I remember woodworking at school. Given what I do these days as a hobby/passion, I guess it had some influence on the direction of my life.

Wonder what kids today are getting for their influences? I hope this isn’t just a photo from the past, but what can still be seen at schools around the country.

When I was at school, my first year of high school, I chose woodwork, metalwork and technical drawing as my optional subjects. The principal called my parents and me to his office for a chat. “He’s too bright to take three technical subjects. He needs to drop one, and take a language”.

So I did. I dropped metalwork and took German. I failed German both years that I took it, and became an engineer. Just what message are we sending our kids? Why are technical subjects treated as a placeholder for those not expected to transition to higher education?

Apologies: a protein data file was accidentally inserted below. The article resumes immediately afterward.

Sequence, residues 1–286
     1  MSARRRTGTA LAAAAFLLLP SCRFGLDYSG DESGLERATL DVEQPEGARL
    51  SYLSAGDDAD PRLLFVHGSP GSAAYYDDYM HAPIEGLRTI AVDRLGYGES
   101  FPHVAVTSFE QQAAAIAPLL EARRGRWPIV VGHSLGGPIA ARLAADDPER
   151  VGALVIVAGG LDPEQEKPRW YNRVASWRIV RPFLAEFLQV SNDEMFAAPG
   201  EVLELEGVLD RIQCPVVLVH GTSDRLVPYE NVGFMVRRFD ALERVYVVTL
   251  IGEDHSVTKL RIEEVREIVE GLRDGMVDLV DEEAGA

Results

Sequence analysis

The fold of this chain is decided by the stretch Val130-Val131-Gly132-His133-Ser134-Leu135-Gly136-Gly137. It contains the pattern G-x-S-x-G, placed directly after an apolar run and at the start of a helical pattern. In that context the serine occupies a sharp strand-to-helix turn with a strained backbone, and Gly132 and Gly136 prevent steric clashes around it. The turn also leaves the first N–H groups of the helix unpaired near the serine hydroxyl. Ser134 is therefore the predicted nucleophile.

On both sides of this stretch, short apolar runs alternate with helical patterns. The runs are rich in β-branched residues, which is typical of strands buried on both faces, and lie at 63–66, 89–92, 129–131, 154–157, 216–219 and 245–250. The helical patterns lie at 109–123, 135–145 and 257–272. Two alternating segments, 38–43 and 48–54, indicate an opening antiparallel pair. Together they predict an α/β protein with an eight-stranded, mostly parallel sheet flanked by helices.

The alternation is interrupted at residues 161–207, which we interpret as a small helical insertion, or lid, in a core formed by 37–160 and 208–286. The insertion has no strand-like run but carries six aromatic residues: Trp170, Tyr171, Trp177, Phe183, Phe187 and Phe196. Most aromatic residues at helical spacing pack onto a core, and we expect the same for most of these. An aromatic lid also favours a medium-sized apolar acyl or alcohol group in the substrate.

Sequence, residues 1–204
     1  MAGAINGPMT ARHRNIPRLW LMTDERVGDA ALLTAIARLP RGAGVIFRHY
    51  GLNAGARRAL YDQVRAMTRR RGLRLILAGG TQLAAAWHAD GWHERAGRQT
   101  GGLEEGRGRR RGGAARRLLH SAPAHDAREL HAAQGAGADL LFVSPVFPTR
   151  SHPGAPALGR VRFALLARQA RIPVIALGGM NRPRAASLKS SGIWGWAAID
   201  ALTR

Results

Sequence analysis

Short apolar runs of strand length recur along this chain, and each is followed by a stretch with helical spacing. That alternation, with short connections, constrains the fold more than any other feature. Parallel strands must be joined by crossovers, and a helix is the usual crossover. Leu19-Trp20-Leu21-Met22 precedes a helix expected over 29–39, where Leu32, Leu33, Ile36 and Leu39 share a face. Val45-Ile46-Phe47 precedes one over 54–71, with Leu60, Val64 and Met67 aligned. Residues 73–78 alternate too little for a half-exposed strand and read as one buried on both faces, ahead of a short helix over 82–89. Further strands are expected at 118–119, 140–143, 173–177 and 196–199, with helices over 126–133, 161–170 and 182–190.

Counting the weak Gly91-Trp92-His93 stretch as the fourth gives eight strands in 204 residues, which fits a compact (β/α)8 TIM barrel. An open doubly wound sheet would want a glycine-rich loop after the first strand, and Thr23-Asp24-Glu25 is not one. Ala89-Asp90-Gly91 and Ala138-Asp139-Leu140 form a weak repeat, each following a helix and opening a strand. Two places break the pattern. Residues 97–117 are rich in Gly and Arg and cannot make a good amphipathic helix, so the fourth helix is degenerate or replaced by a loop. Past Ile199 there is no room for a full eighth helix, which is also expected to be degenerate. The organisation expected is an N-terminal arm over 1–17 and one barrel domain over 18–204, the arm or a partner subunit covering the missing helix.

I wasn’t able to continue woodworking through my secondary education (it just wasn’t available), but I continued with Technical Drawing as long as it was offered. Despite being regarded as a “non-academic” subject at school, it was still available to me at University, and for the sake of a single mark, it would have been the only subject at University that I got an A+ Wonder what direction my life would have gone if I hadn’t persisted with technical subjects?

It doesn’t matter what subjects our kids take, so long as they are passionate about them. They will take them as far as their abilities allow.

Lost Art Press

“Work is one of our most useful learning tools; children love to imitate adults at work. It is drudgery that needs eliminating, not work.”

— William S. Coperthwaite, “A Handmade Life” (Chelsea Green)

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